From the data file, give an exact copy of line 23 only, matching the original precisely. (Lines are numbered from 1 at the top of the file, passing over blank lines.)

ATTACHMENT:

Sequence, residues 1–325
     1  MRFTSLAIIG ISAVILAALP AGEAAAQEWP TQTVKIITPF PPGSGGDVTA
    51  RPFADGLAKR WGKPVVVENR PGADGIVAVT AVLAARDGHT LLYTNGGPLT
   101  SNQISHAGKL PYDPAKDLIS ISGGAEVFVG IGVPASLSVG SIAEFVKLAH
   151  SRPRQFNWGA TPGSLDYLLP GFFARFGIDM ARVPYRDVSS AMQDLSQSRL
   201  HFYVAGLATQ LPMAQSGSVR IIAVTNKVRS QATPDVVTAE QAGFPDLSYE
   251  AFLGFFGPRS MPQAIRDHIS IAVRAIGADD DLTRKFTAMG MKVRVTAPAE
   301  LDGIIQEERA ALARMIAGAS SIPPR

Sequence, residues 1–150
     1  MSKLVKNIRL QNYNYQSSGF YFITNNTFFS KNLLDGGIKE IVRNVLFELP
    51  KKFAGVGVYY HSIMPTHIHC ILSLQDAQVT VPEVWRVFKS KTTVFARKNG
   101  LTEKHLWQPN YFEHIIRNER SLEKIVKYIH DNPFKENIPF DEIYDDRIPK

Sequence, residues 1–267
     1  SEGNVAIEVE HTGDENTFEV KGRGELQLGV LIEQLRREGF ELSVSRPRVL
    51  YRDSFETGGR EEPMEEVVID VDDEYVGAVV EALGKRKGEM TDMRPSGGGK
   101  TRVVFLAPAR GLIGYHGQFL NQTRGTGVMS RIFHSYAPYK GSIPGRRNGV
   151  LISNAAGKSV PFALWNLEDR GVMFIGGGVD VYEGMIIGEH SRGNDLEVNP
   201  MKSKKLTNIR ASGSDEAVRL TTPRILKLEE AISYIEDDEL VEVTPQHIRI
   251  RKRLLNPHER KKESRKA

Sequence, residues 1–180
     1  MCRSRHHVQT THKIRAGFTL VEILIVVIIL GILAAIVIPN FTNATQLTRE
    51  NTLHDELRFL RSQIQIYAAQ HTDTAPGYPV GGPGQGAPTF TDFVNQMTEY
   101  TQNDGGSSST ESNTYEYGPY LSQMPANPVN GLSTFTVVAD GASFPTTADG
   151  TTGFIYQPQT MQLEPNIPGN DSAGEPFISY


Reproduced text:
   101  TQNDGGSSST ESNTYEYGPY LSQMPANPVN GLSTFTVVAD GASFPTTADG